Splurge or save?

An indulgent treat for themselves and/or others or a way to stretch the household budget? How do people redeem their gift cards?


It’s well known that gift cards and vouchers are popular choices for businesses looking for simple, convenient ways to reward and incentivise their employees. They, in turn, appreciate the flexibility and choice that cards and vouchers bring, particularly if the brand or brands involved cover off a wide, aspirational range of goods.

But what exactly are recipients spending their gift cards/vouchers on? Are they more likely to treat themselves to little luxuries, spend on gifts for others, or save them for a special or large purchase?

Colin Hodgson explains how Edenred has seen significant shifts in redemption trends over the last five years: “At one time, merchandise accounted for 40-45% of all redemption, with the balance made up of vouchers, gift cards and experiences. Today, vouchers and gift cards now account for about 75% of all redemption, with our multi-retail gift voucher, Capital Bonds, being the most popular option by some way.”
Although Edenred doesn’t track what its gift cards are redeemed against, research suggests that non-cash rewards such as vouchers and prepaid cards have a significant uplift in results as they lack ‘buyer remorse’ – recipients are more likely to use the reward to treat themselves, whereas cash is consumed by everyday domestic and family activities.

Hodgson continues: “Points banking programmes establish significant ‘savings cultures’. Points are ‘banked’ and exchanged for items of merchandise, gift vouchers/cards and prepaid cards in November and December. We don’t have visibility of the products purchased but, from merchandise programmes and consumer insights, we know that the most popular products being purchased at Christmas were tablets, smartphones, games consoles and, for the younger family members, Furbies etc.”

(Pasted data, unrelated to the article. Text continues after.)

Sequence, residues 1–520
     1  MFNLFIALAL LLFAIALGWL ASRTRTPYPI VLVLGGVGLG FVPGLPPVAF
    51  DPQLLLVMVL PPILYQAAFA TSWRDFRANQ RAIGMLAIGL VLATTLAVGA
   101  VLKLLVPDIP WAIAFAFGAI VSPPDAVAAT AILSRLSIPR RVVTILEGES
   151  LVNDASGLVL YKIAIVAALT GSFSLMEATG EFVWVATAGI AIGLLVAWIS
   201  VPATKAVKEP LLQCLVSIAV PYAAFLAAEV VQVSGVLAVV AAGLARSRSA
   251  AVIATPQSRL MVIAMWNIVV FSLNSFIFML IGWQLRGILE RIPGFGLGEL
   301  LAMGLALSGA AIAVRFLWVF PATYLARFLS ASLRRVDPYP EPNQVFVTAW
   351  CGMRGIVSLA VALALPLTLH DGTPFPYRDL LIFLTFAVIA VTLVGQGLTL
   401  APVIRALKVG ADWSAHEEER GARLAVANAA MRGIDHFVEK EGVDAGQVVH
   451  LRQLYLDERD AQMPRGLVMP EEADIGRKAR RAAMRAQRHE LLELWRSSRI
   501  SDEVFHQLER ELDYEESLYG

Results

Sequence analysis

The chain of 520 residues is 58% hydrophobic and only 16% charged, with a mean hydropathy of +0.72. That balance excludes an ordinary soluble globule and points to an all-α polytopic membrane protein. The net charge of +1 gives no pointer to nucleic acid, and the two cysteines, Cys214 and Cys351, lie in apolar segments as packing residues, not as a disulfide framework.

One brand that has a high ‘personal indulgence’ rating is House of Fraser. House of Fraser’s John Dove says: “Our data shows that recipients are quick to redeem our gift cards and vouchers – they’ve usually redeemed around 80% of the total amount within the first month of receipt and the rest is spent within three months. We want people to spend our gift cards, which is why there is a two-year expiry and why they can be redeemed online and in store.

“When the load value is higher, we tend to find that they spend more than the face value, as they’ll go for something that is less price sensitive and quite indulgent. And when the value is high, we encourage the recipient to take on our personal shopper experience. They can help the recipient to put together an outfit, provide buying ideas and so on – it’s another element of choice.”

It seems House of Fraser isn’t the only prestige retailer to experience this, as Tracy Finn, of Harrods Corporate Service, agrees: “Harrods gift cards can be redeemed online, but Harrods itself is seen as a destination and although customers may come to the store with a specific purchase in mind, they may also choose dine in the restaurants and make additional purchases. The average uplift from a Harrods gift card is 100%.

“The cards that link to personal shopping days, including lunch or afternoon tea plus spa treatments, are very desirable. And, as many beauty and fashion ranges are exclusive to Harrods, we’re able to create incentive schemes that allow you to offer a unique incentive with a greater perceived value i.e. the latest handbag that can’t be found anywhere or a visit to men’s tailoring to be fitted out for a bespoke suit.”
That passion for fashion must-haves can be hard to resist and it seems that, when given a fashion gift card, the recipient’s likely behaviour is to treat themselves.

Julian Courtney, New Look Business Solutions, says: “If gift cards are chosen well, it gives the recipient a real sense of being valued by the employer and makes them more likely to treat themselves, rather than make their budget go further by spending it on some everyday item.